Not that we are back to the dark years of 1980s, but he has worried that compensation expenses and the increase in public sector manpower might further the strain on public finances, and subsequently, the economy as a whole. More interesting though, the report introduces a new tool in its motley of charts, a tool I believe might give us good indications on what we might not know. (I recommend a great read on the model, as delineated in the 2007 annual Monetary Report, pages 27-29)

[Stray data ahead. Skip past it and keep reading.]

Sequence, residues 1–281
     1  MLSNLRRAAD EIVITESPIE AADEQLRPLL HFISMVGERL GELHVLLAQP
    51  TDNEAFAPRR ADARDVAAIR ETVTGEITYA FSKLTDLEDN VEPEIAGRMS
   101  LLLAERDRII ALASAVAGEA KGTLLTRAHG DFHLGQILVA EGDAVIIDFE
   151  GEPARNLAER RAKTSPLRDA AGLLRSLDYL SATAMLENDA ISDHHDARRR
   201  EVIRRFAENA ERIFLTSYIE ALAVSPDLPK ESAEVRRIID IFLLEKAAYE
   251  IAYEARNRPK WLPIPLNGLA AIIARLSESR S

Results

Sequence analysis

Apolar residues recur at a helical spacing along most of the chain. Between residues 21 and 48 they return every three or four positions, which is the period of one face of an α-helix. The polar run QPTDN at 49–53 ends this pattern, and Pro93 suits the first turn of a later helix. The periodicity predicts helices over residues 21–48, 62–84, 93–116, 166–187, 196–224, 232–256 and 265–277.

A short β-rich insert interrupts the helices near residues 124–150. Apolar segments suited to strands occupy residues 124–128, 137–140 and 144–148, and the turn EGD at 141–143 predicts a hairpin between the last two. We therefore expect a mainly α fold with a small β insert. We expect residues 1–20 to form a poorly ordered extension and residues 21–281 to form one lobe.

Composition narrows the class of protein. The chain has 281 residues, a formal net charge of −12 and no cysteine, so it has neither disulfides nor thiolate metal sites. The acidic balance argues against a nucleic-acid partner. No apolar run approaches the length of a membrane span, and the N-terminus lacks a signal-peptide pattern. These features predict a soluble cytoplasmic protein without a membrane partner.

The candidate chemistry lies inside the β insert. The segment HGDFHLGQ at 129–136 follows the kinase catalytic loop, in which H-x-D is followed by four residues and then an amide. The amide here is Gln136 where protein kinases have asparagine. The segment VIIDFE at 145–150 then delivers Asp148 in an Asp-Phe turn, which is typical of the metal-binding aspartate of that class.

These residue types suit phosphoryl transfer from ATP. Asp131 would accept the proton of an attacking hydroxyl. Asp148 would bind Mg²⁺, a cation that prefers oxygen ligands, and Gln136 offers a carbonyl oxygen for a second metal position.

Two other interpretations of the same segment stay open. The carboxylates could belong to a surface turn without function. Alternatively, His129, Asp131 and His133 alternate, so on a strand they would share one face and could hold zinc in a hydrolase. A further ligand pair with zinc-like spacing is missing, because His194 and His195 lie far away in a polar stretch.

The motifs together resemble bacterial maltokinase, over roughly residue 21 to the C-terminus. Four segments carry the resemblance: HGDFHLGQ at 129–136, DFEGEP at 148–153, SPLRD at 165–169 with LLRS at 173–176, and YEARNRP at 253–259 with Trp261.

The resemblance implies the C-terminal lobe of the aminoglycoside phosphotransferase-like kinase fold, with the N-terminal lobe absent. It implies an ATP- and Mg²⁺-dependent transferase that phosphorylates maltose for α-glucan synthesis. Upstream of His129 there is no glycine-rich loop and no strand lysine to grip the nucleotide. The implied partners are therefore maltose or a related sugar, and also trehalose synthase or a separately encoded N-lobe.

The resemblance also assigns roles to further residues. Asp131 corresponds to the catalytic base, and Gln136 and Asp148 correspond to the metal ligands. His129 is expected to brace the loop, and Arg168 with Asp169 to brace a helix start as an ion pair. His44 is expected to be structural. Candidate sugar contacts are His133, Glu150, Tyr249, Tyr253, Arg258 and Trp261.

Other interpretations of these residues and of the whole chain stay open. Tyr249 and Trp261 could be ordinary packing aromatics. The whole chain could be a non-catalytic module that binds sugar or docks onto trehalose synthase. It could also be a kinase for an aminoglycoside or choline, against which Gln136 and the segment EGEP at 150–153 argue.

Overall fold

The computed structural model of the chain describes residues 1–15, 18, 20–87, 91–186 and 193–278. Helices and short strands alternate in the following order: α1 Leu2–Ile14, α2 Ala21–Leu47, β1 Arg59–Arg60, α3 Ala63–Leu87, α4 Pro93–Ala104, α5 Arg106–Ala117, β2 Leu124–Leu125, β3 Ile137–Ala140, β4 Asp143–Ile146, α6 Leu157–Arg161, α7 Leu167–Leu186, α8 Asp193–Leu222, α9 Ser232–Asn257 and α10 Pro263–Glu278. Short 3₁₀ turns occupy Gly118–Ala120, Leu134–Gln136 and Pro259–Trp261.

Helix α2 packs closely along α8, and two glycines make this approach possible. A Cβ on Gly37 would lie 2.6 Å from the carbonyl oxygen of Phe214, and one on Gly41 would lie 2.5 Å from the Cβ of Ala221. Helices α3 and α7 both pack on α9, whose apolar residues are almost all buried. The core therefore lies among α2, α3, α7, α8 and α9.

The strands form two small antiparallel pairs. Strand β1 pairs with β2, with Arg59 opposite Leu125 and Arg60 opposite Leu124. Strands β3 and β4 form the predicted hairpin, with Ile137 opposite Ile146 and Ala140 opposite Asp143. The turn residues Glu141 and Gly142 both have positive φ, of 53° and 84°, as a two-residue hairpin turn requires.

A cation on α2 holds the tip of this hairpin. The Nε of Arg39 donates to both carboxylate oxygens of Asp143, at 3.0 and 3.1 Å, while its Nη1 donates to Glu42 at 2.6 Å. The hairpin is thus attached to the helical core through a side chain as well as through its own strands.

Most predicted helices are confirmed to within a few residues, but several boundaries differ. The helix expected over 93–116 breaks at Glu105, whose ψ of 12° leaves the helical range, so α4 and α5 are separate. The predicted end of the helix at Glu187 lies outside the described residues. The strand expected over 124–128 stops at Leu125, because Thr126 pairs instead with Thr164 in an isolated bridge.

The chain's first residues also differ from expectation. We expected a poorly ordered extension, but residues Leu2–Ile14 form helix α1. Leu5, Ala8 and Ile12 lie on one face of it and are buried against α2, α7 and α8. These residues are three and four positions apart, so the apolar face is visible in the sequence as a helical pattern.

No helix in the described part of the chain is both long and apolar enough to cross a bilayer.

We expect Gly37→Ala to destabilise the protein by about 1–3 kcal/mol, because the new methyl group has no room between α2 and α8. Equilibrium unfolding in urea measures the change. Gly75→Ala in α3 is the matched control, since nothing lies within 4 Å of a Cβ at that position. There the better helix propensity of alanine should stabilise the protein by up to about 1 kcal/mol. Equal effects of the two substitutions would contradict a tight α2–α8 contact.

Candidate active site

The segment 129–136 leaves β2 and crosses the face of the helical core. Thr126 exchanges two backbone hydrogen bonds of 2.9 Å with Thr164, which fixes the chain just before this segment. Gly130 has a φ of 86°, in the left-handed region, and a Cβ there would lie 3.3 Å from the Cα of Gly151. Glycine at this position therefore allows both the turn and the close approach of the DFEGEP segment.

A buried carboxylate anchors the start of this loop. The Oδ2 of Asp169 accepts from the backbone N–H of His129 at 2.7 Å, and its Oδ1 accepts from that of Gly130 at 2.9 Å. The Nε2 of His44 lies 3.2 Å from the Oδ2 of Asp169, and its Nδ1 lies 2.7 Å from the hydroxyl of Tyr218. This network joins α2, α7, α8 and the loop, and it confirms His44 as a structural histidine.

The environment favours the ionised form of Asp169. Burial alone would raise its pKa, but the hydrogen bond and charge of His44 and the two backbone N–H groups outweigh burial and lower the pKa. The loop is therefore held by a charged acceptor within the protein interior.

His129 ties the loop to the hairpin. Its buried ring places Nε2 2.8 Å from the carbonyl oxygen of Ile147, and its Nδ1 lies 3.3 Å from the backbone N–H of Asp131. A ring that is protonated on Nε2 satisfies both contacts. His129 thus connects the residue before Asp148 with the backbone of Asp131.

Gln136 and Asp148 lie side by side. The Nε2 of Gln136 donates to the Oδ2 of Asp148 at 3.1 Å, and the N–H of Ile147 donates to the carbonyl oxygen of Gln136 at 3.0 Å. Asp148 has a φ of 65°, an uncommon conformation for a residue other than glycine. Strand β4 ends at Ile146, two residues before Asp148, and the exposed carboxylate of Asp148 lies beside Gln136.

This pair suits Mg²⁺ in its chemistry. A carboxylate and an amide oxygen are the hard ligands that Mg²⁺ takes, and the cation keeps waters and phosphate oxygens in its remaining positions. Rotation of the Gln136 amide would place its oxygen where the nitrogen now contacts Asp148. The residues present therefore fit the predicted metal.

The fan-chart computes expected levels of inflation over a pre-specified time frame. Because these projections are not fixed, the modernised variables are randomized such that expected inflation has such and such confidence probability to be within the boundaries of specific levels. Now, I trust BAM economists to be highly competent and dedicated to their tasks, but I would very much like to know the effective impact of government debt on their computations; it is a given to consider government debt -especially domestic debt market- to push inflation upwards. The intuitive argument being,the Moroccan government has to pay back its debt with some nominal (face-value) interest rate. But, they can get away with it by “printing money”, or even if they don’t, the expenditure would take care of it, for instance by increasing public service payroll at a rate higher than, say, GDP Growth, the famous “Too Much Money Chasing Too Few Goods” line. But expected inflation remains very stable around 2%. I would argue that no inflation rate at such (low) level can be achieved without a drastic halving of public deficits (as Debt-to-GDP ratio remains within acceptable limits)